The software must have what are now a days standard features (or should be)
Scheduling app with integration to previous recommendations/estimates in the booking interface This should also have some CRM features such as customer reminder notifications, would be great to have multiple contacts notified as often there is a groundskeeper or administrative assistant that we are dealing with as well RO management that includes technician notes, photos attachments, service recommendations and job status (linked to procurement management when parts need ordering) Ability to link service recommendations to estimates and easily turn them into new ROs Inventory management, supply chain integration is nice, procurement management for tracking when and where all the parts are coming from VIN or Plate scanning via mobile camera to start new ROs or estimates with your now common carfax VIN lookup and service history Basically I need all the points of interaction with the customer to be completely mobile, they will not happen in the shop (usually), the RO processing itself can/will happen on a larger device such as desktop or tablet in the shop.
Is anyone working with a company that has this level of mobility yet? My research shows that many of the companies that have long been players in this industry are very slow to adopt this new way of thinking, there are a lot of new names out there though!
While I'm thinking about next level software, the software companies that know how be be ahead of the curve will soon start integrating calibration data VIA J2534 attached to the vehicle record and cross link to manufacturer databases for recommended updates. This will become increasingly important as more and more vehicles integrate complex self driving, in car entertainment and safety features that will require updating. Automatically notify technician of TSBs related to a vehicle and include other data integration features like this.
On going battle between my Manager and Tech staff. They like to look up about everything online before doing the work. When a RO says 'Specialty Tool' they think they need the tool to complete the work. For example, a recent 2009 Lincoln MKX had a RF axle seal leak. Pretty common problem. Tech doesn't want to do it without the tool kit. Took kit would cost more than the job.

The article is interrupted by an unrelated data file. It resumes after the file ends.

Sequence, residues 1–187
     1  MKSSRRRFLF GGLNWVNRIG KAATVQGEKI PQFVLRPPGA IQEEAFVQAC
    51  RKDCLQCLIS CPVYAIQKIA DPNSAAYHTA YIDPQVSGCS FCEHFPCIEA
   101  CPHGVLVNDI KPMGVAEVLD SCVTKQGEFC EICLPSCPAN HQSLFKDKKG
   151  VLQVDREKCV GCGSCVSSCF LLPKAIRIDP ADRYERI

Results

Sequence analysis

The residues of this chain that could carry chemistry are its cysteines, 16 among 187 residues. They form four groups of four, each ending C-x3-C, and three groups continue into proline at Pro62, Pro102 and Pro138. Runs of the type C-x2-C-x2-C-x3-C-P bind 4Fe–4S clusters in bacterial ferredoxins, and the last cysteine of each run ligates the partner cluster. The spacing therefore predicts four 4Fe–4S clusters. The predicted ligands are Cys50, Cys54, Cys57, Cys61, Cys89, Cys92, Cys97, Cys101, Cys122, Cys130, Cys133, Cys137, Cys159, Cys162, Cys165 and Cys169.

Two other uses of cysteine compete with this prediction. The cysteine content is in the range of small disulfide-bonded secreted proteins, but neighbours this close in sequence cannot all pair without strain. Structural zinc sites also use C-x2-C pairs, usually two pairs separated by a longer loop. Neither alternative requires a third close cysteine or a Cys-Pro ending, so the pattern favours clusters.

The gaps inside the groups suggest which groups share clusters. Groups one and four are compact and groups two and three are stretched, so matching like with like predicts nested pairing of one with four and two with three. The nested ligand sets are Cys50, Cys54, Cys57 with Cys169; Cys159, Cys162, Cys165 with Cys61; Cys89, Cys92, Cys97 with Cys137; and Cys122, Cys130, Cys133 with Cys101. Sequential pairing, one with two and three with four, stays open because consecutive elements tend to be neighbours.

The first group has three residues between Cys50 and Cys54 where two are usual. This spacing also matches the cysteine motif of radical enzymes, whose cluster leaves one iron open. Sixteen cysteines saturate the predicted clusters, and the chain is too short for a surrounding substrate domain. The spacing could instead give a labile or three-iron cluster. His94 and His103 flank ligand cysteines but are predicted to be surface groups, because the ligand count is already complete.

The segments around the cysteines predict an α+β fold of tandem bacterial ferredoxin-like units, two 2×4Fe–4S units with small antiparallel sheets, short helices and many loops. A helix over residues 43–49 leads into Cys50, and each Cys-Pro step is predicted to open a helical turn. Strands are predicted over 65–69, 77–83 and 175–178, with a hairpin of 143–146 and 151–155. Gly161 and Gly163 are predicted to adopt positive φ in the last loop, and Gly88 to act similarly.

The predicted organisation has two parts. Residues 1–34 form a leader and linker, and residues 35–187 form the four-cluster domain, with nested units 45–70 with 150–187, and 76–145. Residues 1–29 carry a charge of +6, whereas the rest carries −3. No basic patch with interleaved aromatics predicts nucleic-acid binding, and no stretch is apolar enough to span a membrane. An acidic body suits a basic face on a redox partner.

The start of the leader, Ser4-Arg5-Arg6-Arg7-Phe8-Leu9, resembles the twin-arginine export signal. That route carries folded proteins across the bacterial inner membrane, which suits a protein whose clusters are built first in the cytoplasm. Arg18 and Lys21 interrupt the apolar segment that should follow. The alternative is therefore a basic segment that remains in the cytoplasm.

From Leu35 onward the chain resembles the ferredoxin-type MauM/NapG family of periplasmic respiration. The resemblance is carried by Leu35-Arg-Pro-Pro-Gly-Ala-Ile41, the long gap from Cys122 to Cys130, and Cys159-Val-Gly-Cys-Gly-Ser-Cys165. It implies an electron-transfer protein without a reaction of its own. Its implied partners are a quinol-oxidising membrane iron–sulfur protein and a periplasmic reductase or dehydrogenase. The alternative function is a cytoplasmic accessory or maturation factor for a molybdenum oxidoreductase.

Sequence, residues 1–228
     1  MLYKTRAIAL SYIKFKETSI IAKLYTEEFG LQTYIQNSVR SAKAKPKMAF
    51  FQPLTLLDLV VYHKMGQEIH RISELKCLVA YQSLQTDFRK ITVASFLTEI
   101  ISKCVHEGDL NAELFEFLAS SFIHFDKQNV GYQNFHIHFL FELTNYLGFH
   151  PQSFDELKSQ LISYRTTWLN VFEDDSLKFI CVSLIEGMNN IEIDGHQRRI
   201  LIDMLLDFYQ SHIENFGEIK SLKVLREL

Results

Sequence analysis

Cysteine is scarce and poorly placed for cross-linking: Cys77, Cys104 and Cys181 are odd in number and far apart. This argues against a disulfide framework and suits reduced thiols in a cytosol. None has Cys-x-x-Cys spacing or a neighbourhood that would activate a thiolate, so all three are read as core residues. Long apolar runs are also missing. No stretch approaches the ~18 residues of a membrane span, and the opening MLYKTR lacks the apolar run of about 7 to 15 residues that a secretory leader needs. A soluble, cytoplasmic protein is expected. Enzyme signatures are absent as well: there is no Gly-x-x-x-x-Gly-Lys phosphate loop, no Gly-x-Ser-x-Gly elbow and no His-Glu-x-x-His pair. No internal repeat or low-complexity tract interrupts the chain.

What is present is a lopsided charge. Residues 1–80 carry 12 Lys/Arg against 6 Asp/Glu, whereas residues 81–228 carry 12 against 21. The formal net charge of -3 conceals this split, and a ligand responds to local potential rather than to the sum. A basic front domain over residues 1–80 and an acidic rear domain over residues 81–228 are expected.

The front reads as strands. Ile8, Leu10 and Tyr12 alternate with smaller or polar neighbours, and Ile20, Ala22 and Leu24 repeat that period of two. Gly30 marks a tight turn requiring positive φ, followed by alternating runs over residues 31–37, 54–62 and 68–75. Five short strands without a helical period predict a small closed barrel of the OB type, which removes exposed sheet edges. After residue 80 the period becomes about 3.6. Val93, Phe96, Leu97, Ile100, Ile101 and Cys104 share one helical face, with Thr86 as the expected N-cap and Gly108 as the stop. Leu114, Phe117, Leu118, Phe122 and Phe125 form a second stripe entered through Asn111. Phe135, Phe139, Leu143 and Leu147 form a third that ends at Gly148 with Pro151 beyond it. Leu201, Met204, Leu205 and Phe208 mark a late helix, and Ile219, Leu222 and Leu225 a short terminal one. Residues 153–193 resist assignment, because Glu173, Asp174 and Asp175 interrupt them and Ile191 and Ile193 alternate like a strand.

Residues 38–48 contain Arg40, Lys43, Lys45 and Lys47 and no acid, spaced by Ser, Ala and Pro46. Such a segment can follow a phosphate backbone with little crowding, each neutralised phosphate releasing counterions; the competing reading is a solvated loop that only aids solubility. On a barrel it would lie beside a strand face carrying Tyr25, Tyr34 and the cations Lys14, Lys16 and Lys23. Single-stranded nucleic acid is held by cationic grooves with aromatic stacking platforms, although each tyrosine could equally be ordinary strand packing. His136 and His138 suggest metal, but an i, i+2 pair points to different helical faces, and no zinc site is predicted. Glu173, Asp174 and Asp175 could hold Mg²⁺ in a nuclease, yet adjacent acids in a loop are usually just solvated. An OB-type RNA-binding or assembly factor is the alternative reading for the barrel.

We all have seen mechanics who can fix and think their way around an obstacle. I've got a shop full of parts hangers. Perhaps the Lincoln is better suited for a drive line shop or dealer but I figure we can figure it out and get it done like we've usually done. I've had Techs make their own tools and solutions and lately the younger guys just give up if they don't have YouTube instructions and specialty tools.
Article: Bugs In The Rugs - - - What have you encountered from the insect world while working on a car?By Gonzo
Bugs In The Rugs
Ants, moths, bees, flies, wasps, spiders, scorpions, roaches, yellow jackets, fireflies, centipedes, silver fish, lady bugs, katydids, mosquitos, termites, fleas, mites, and fly larvae (maggots).
No, that’s not a list of insects on the back of a can of insecticide. That’s just about every type of creepy, crawly nasty little bug I have encountered in a car at one time or another. It’s enough to make your skin crawl.
Sometimes it’s not so much what you run into, but where. For instance, I was working on a little foreign car, checking out a faulty turn signal. I diagnosed a bad lead on the front turn signal socket, and had already pulled the lens off and supplied a ground to the bulb, so I knew what I needed to do. Just sling under the car and reattach the ground lead that was hanging there. The car was low to the ground, but I managed to wedge myself under there just enough to make the repair. As I managed to turn my head to see the turn signal housing, there… just a ¼” from my nose was a large nest of red wasps. They were all darting around working on their nest totally oblivious to me. I didn’t stick around long enough to introduce myself.
Something I’ve learned after being at this for a few years: If you get one of those carpet cleaning trucks in the shop for repair, make sure you have plenty of roach spray handy. It’s not uncommon to pop the lid off of the fuse box to find hundreds of those nasty little critters trying to find a new hiding place. I’ve even seen a few behind the lens of the instrument cluster just minding their own business as they walked over the gauge needles. They tend to eat wires, leave their acidic droppings on circuit boards, and their dead relatives laying in the vents. Nothings worse than getting “bug sprayed”… with bugs when you turn on the blower motor.
Now when you’re trying to find an odor, or some reeking smell that has literally chased the owners out of their car, don’t be surprised if you’ll eventually find a dead mouse or some other strange varmint carcass in the duct work, trunk, or under the carpet. The worst is when the flies have found it and started laying eggs on it. For the investigative type mechanic, the fly larvae is a good way to determine how long whatever it was has been decomposing in the customer’s car. You see, a fly can lay more than 100 eggs on a warm moist body and in 8 to 24 hours the larvae will begin to hatch. Those wormy, wriggly, crawly little ugly, nasty things stick around for about 5 days and then start to pupate into an adult fly. A capital “G” for gross. Knowing all of that will allow you to inform your customer when their little friend became post mortem in their cabin filter or wherever it was you found it, although at this point they’re too grossed out to really care about your CSI skills!